4. improve and extend the use of assistive technology as a way to increase a child’s activity and participation levels in home, school and community;
  5. develop appropriate services for adolescents as they become more independent and prepare for adulthood;
  6. mentor family mutual support groups to move from social gatherings to more complex issues facing families;
  7. explore and debate the balance and complementary roles between medical rehabilitation therapies (including surgical interventions) and a child’s comprehensive developmental needs;
  8. develop the role of Occupational Therapists to work with families, teachers and children in the areas of daily living skills, education, and community skills.  

Detailed recommendations are made within the report for each county. In general, we suggest the three Sichuan counties should focus on capacity building of own staff, manage the balance between medical rehabilitation and the children’s other needs, consider how to increase participation level of children in education, and start planning for adolescent services and preparation for adulthood.

For Eshan County DPF, it is essential to strengthen links with the primary health networks for early identification of children with delayed development, and with the education sector to improve communication between teachers and rehabilitation workers.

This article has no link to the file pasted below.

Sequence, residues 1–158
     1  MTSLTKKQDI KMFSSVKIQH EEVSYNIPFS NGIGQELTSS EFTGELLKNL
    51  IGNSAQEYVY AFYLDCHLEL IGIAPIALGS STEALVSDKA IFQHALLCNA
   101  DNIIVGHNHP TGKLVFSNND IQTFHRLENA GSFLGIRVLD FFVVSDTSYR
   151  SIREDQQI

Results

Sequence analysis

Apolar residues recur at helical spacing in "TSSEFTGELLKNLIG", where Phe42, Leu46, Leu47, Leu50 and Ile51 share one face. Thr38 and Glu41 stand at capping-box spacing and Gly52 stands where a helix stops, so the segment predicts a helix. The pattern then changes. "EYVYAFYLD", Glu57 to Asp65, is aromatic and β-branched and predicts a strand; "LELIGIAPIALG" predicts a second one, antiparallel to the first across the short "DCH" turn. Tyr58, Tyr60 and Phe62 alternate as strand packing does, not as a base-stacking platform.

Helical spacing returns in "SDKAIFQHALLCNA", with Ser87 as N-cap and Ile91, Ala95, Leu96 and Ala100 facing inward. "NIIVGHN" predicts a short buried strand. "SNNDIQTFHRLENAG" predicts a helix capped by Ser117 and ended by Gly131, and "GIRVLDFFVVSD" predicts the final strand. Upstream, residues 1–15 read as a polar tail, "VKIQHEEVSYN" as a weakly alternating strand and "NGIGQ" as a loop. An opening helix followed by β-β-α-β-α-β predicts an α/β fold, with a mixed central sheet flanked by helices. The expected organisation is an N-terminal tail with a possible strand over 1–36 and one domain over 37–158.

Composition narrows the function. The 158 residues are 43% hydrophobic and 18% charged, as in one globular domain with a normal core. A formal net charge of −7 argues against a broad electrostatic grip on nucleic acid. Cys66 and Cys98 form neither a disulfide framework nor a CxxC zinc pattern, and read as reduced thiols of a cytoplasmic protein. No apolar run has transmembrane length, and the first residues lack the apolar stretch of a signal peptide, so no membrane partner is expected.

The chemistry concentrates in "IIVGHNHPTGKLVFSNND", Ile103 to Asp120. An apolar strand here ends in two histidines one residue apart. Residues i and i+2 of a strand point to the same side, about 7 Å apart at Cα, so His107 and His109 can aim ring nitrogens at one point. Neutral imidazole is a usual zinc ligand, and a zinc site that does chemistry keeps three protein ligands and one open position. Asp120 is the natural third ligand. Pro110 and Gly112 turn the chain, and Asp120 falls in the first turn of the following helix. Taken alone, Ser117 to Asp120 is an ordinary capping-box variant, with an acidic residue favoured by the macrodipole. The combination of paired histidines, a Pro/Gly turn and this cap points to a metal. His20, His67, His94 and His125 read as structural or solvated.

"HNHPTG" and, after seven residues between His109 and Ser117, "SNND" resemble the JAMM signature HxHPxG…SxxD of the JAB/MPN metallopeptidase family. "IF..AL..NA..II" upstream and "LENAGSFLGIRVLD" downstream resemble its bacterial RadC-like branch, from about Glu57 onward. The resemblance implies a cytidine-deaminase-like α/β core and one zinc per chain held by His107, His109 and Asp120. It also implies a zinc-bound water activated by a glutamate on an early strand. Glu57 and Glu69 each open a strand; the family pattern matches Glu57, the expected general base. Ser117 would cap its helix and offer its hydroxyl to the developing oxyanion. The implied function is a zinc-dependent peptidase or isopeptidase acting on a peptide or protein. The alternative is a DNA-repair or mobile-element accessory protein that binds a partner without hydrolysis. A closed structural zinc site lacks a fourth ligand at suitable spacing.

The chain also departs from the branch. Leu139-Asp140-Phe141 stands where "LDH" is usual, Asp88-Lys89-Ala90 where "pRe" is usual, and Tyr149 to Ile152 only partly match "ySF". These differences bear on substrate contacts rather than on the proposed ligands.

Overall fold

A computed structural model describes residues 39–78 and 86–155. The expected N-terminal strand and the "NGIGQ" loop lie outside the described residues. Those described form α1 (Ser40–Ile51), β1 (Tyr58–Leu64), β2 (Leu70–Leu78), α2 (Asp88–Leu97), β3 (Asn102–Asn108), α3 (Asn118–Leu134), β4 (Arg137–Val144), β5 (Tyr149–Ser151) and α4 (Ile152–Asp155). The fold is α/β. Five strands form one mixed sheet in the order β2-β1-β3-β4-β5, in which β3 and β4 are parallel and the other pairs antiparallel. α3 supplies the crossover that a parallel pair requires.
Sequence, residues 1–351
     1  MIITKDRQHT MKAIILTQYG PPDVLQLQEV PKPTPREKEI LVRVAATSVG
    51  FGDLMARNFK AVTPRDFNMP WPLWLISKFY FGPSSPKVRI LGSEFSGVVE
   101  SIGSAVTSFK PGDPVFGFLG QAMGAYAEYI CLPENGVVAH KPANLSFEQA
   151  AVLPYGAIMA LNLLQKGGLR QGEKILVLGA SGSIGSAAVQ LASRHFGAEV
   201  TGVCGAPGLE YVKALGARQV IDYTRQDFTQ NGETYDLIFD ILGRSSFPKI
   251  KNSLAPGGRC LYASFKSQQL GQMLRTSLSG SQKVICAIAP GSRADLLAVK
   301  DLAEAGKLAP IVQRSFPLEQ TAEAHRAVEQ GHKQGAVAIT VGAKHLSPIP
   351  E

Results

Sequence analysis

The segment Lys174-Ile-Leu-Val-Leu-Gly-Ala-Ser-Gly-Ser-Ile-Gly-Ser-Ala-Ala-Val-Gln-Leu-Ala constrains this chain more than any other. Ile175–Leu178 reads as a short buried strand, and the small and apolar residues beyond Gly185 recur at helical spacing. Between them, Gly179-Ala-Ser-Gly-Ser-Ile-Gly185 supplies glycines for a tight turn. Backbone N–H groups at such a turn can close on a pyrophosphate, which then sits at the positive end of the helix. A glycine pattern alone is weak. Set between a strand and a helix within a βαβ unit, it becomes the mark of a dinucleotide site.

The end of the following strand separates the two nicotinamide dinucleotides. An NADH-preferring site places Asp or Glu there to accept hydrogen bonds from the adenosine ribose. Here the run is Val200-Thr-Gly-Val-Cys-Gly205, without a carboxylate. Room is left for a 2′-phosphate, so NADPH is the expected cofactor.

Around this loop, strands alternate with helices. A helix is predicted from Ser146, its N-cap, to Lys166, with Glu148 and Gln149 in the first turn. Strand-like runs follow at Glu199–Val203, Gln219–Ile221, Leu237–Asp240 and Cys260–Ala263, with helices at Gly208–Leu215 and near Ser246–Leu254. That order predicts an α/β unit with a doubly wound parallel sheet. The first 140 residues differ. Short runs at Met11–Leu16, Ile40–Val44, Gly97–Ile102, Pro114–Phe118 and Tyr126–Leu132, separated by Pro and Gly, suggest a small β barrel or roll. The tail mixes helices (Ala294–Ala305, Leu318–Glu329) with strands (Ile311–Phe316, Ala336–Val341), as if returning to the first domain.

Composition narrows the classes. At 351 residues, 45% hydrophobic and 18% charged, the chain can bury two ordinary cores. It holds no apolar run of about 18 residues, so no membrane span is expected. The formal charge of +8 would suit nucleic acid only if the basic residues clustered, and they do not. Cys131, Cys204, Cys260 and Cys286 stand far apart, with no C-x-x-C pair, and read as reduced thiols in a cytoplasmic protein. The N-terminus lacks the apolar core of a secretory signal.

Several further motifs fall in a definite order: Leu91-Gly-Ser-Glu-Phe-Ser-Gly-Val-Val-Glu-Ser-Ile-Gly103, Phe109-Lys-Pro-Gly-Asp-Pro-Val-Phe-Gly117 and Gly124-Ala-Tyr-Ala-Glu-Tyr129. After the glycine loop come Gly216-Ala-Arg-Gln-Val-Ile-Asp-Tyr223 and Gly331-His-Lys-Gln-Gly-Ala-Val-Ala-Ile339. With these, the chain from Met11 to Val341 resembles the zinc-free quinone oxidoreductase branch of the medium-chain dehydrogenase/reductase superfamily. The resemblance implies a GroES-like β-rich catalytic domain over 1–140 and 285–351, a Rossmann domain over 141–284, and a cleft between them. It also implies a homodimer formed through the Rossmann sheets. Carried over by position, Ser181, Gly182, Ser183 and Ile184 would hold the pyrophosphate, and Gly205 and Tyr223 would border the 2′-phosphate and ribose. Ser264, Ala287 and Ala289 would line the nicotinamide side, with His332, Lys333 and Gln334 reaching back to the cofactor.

For Sichuan, the key challenge is how to ensure that all children with cerebral palsy (and other disabilities) have access to rehabilitation and education services, through activating their CBR network. 

Eshan and Wei Counties both continue to need strong support from their resource centres and city and provincial level experts. The Sichuan counties are already more independent, but they need support to set up feasible and relevant quality service standards, based not only on output (they are achieving already) but with utcome indicators related to children’s function and participation.  

While the counties are facing challenges they are all optimistic about future development and quality improvement of services. The family members and children are fundamentally satisfied. Since their lives are changing, the young people will now expect and hope for more opportunities in their lives and will no doubt look for further service development in areas of assistive technology, livelihoods training and support. There are many new opportunities for exploration, pilot projects and research.

Published 03.04.2017
Last updated 03.04.2017